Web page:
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Article
December 20, 1941

THE USE OF COTTON AS A SUTURE MATERIALWITH PARTICULAR REFERENCE TO ITS CLINICAL APPLICATION

Author Affiliations

EAST LANSING, MICH.; NEW ORLEANS
From the Department of Surgery, Tulane University of Louisiana School of Medicine.

JAMA. 1941;117(25):2140-2143. doi:10.1001/jama.1941.02820510028007
Abstract

Fundamentally, surgeons are interested in methods and materials which lead to primary and early wound healing. Dissatisfaction with the results obtained with catgut as a suture material has led to a renewal of interest in nonabsorbable sutures during the past decade. After Bulloch and his co-workers1 in Great Britain, Krönig2 in Germany and Meleney and his associates3 and Clock4 in this country had demonstrated that catgut purchased on the open market was not infrequently contaminated, Whipple,5 who had previously used catgut, strongly advocated the use of silk, with which he was able to show a reduced incidence of infections in clean wounds. This work gave a new impetus to the use of nonabsorbable suture material. a usage initiated in modern surgery by Halsted6 and Kocher7 at the end of the last century.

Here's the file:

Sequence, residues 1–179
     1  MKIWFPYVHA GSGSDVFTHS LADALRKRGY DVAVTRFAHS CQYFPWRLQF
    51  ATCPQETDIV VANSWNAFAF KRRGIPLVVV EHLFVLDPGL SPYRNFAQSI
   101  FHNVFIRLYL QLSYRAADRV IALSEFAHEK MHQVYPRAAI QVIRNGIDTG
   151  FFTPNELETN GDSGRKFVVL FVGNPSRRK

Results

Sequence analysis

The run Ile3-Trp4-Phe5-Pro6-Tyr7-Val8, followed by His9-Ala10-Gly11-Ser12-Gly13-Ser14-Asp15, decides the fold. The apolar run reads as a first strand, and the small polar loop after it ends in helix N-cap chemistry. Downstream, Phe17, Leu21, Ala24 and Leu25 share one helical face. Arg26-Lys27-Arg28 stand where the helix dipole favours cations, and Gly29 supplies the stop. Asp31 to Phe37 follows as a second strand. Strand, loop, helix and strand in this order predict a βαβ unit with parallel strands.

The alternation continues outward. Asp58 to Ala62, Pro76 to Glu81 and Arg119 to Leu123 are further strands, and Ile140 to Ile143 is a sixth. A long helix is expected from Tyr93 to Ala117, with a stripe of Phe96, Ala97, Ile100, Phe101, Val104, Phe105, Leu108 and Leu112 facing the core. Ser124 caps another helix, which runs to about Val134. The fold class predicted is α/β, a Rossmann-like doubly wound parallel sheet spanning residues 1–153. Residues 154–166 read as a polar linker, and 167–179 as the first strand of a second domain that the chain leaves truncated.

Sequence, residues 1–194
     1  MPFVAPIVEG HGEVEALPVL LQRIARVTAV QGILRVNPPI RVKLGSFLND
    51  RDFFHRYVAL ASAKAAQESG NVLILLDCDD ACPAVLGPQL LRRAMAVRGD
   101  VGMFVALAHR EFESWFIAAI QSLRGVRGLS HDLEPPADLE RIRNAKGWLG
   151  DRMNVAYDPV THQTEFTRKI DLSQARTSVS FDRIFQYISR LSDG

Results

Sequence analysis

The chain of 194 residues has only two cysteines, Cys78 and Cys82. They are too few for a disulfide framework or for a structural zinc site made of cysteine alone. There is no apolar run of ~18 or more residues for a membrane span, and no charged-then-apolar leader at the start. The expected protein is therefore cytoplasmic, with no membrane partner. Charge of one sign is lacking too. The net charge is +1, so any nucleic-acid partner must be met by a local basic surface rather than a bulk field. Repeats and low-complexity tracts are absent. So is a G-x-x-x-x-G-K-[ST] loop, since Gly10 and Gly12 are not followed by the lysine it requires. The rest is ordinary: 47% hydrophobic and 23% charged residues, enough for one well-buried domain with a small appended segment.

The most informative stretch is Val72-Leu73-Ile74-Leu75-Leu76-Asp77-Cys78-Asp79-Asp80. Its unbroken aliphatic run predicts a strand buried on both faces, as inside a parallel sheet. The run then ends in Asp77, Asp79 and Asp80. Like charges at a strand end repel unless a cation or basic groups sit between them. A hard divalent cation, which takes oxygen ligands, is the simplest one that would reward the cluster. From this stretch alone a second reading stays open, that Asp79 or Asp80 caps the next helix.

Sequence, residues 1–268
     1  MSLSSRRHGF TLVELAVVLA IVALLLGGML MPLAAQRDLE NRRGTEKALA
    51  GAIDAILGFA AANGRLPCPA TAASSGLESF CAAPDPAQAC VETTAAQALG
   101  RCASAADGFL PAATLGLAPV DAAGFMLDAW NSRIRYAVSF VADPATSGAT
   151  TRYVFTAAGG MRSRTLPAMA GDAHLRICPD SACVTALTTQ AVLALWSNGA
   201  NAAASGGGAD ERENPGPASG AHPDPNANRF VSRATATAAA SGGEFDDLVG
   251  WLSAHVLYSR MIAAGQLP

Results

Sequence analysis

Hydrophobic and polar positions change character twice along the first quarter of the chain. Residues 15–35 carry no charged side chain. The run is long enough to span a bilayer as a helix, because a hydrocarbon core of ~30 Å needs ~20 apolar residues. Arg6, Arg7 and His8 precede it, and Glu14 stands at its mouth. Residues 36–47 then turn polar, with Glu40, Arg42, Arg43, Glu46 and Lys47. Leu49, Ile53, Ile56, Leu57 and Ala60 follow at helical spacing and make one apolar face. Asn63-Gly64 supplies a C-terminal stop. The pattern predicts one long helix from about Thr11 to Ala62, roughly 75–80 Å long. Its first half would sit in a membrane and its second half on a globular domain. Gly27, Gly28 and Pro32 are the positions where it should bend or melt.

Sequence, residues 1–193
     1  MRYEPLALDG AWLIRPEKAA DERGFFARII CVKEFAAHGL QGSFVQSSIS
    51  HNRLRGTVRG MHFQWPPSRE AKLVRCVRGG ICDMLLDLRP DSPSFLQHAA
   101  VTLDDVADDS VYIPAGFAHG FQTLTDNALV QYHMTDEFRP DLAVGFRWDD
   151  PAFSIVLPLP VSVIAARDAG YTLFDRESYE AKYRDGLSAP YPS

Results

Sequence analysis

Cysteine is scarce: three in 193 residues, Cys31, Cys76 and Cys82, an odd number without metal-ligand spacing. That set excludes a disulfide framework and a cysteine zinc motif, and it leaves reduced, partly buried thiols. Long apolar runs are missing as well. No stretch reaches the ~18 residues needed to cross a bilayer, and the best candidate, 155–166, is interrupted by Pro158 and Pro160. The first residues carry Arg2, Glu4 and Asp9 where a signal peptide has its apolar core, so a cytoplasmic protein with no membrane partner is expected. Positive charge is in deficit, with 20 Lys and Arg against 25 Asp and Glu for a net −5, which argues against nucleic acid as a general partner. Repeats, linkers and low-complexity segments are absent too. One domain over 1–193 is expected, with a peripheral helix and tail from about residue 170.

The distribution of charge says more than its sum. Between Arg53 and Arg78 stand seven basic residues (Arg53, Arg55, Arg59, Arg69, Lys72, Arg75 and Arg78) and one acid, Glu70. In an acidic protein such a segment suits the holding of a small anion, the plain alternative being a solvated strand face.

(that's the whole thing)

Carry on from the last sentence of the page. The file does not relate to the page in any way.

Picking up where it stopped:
There exists venerable authority for the use of cotton as surgical

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